There are some familiar phrases in our profession, things like: ‘We’re designing for the 90 per cent, not the 10 per cent’ and ‘We’re not going to worry about edge cases’. As Evan Hensleigh has observed, though, the term
‘edge case’ itself is telling: it defines the edges of what — or who — you care about.
We’re not trained to take crisis situations into account when we design. It’s human nature to look away from difficulty, to avoid pain. There are professions (architecture, engineering and software design, for example) where the worst case situation is considered as a matter of course. The importance of designing for such cases — along with the potentially fatal consequences of ignoring them — is taught in schools and reinforced through
the professional culture.
As web professionals, we don’t think of what we do as having that sort of import. But think back to the hospital website. Put two parents and a gravely injured child in a car, and consider how the lack of a clear set of directions to the emergency room could result in that child’s death, due to those precious seconds wasted by going to the address listed on the hospital website and then having to search again for the location of the actual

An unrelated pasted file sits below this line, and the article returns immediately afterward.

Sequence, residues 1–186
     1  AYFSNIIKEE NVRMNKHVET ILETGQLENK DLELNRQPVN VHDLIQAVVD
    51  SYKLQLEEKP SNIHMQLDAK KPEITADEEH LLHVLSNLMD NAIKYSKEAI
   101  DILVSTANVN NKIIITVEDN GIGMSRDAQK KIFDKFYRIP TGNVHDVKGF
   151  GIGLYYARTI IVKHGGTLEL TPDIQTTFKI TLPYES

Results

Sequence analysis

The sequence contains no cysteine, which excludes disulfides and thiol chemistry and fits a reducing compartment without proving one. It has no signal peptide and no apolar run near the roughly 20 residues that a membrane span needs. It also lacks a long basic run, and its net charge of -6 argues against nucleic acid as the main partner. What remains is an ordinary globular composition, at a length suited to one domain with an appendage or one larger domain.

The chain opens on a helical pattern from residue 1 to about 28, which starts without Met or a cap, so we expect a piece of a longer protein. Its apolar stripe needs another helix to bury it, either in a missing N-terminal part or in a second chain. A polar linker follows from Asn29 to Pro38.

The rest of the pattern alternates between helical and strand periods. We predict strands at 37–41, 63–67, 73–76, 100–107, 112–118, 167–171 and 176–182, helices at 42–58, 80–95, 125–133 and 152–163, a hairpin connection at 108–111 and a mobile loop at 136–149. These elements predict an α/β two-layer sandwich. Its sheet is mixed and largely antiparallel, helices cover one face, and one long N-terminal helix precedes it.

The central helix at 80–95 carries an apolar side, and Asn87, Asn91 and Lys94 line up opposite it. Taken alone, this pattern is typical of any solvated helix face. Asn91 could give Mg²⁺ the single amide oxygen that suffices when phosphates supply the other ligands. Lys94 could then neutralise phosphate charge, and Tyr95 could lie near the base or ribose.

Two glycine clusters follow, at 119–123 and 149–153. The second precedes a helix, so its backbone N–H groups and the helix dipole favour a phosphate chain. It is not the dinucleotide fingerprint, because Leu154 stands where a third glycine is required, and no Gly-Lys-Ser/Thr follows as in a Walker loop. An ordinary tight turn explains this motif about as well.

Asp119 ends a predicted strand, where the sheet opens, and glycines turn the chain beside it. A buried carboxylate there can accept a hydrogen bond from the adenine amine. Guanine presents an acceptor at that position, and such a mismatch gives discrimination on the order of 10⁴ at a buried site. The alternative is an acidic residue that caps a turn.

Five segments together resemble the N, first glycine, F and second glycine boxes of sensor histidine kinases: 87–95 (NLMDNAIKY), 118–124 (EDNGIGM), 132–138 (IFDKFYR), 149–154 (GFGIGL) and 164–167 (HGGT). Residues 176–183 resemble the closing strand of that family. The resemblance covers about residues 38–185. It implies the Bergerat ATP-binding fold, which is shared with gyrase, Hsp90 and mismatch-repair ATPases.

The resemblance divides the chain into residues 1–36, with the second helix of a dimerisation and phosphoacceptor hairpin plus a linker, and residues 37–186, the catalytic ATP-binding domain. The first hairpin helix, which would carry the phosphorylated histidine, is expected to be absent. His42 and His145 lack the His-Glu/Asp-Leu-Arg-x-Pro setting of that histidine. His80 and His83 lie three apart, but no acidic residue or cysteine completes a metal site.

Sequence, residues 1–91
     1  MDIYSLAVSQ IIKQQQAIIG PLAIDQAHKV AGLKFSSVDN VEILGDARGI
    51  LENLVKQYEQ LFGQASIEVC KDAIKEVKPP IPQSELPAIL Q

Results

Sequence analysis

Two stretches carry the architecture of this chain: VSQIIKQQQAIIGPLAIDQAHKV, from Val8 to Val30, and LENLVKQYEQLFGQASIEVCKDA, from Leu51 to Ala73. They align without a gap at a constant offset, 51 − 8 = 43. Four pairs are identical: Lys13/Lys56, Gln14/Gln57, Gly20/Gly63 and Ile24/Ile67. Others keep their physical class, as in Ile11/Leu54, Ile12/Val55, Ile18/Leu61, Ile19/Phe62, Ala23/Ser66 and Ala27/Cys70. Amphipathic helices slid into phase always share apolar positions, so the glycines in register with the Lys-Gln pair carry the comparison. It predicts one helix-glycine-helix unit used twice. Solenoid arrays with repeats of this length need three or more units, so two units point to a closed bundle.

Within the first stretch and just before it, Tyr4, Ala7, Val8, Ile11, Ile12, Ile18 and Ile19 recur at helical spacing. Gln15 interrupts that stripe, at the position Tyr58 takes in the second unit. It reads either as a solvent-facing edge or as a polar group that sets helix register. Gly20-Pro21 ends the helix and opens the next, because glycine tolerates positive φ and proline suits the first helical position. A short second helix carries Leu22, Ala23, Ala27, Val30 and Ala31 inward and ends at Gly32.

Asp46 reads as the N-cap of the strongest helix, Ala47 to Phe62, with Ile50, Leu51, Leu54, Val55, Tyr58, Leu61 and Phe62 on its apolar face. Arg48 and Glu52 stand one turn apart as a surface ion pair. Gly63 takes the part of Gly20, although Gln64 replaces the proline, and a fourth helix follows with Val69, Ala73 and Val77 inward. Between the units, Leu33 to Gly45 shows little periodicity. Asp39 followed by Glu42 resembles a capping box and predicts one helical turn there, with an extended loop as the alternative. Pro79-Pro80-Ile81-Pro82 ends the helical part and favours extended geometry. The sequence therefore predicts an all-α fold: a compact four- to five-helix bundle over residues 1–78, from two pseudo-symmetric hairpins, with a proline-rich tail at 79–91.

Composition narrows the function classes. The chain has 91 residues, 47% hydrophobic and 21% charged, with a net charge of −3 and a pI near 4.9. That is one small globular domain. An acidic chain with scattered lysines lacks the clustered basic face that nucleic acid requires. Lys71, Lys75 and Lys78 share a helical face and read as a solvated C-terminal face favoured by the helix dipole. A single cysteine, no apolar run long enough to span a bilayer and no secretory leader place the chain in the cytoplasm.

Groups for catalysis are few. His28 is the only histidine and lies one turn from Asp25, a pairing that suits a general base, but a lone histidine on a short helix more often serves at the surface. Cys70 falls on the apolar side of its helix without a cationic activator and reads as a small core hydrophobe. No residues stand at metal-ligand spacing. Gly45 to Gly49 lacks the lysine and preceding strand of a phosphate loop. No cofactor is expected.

It’s all too easy to dismiss this as irrelevant, because — come on — who would look up an address and plug it into a GPS instead of calling the hospital to get directions? As web designers, how our users behave is not our decision to make. Assuming a certain course of action is just another form of dodging difficulty, of looking away from pain.
Mobile-first isn’t just a pattern of behaviour any more: for many, it’s an instinct. And in moments of severe crisis, when it becomes almost impossible to think at all, let alone think rationally, we fall back on instinct. This is borne out by research in cognitive science, which has found that each of us has a finite pool of cognitive resources. Whatever we use on one task is not
available for others.
As an example, research has shown that the more demanding a mental exercise, the fewer resources are available for things like willpower or reasoning. In moments of extreme stress, all (or nearly all) cognitive resources are consumed by the situation at hand. That leaves precious little for any other tasks. Steve Krug famously said, “Don’t make me think!” , but in situations like these, we almost literally can’t think.